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September 25th, 2012

Understanding ideal glass structure could be key to doubling glass strength

Published on September 25th, 2012 | By: Eileen De Guire

No more broken glass? Theoretical work by researchers at Rice University shows the potential for doubling the strength of glass. Credit: Rice University.

Glass is one of the intrinsically strongest of manmade materials, however, only a fraction of that strength is retained. Glass is arguably one of the most useful manmade materials, too, and if more if its intrinsic strength could be captured, it could be infinitely more useful.

The importance of the issue is evident in several recent initiatives. In the May 2012 issue of the Bulletin, the cover story article describes the work of a coalition of manufacturers and glass researchers to establish the “Usable Glass Strength Coalition,” whose mission is to support fundamental research into the sources of flaws and cracks in glass.

The (oft-mentioned by me) Grand Challenges in Ceramics and Glasses workshop last spring identified this issue, too, referring to it the “Harnessing order within disorder” challenge. The idea is that if the short- and intermediate-range order in glasses and its effects on glass properties were better understood, something could be done about controlling and engineering glass structure at and near the surface, and hence, its properties, especially strength.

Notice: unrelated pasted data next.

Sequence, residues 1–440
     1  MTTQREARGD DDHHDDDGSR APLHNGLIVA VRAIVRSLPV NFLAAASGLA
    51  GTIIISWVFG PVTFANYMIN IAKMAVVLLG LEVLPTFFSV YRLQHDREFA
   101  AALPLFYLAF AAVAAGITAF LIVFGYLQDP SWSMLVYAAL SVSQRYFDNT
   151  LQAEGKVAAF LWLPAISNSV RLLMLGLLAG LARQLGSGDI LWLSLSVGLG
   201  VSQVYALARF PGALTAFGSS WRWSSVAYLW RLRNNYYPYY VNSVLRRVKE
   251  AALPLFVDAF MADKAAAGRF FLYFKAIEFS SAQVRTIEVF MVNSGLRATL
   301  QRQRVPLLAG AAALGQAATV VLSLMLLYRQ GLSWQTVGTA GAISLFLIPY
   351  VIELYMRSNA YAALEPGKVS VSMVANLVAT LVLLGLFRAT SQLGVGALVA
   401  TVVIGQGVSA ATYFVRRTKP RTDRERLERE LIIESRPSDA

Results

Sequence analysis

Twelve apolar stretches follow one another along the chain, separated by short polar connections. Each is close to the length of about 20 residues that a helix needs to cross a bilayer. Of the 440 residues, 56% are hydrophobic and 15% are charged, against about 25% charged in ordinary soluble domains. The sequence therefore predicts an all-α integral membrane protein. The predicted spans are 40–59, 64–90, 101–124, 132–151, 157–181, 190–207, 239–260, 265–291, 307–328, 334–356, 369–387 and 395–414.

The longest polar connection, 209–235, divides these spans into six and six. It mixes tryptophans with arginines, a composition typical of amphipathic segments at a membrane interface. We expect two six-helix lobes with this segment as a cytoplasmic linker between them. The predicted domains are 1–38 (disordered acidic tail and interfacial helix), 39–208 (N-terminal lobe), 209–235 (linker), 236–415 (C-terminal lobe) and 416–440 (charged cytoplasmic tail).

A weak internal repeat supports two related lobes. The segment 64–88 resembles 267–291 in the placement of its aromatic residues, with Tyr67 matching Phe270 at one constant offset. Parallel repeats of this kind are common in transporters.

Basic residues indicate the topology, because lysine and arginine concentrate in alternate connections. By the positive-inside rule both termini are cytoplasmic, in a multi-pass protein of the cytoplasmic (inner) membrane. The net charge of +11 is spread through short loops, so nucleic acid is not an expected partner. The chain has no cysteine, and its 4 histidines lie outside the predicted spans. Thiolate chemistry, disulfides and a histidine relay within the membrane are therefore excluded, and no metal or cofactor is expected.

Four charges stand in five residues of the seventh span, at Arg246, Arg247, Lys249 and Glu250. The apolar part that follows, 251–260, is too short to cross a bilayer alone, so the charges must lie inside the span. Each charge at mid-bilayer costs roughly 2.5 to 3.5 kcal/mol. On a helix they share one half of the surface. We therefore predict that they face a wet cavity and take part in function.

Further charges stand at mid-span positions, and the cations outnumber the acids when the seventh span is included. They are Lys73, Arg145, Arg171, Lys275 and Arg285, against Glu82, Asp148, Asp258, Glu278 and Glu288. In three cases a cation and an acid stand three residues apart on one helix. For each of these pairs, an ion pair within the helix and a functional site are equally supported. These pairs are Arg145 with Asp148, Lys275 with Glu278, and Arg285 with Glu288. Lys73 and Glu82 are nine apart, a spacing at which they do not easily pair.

The German Research Foundation (analogous to the US National Science Foundation) last fall made improving glass strength a priority when it established a six-year priority program called “Topological Engineering of Ultra-strong Glasses.” The program goal is described as “dedicated to the exploration of the mechanical properties of disordered materials on a molecular or atomic level, bridging the fields of metallic glasses and inorganic oxide glasses. It considers the topological origin of elasticity, plasticity and fracture in these two classes of materials with the objective of setting the path towards the design of glasses with superior toughness and/or stiffness.”

How much strength are we talking about? The draft report from the Grand Challenges workshop (full report to be published in the December issue of JACerS) says that tensile strengths of up to 14 GPa have been demonstrated for silica fibers drawn in vacuum. However, the practical strength of glass is only about 50 MPa, a loss of three orders of magnitude!

The draft report also points out that disordered solids like glass are “far from their equilibrium states.” Thus, the glassmaking process matters. The report explains, “One consequence is that the structure and properties can be especially dependant on the synthesis route, particularly on the thermal or energetic history of the synthesis process.” The group calls for better computational methods and in-situ characterization and measurement tools, to generate better and more accurate theories of the structure-property relationship in glass.

A research team at Rice University just published a paper in the Proceedings of the National Academy of Sciences that may have taken a big step in understanding the structure-strength relationship in glasses.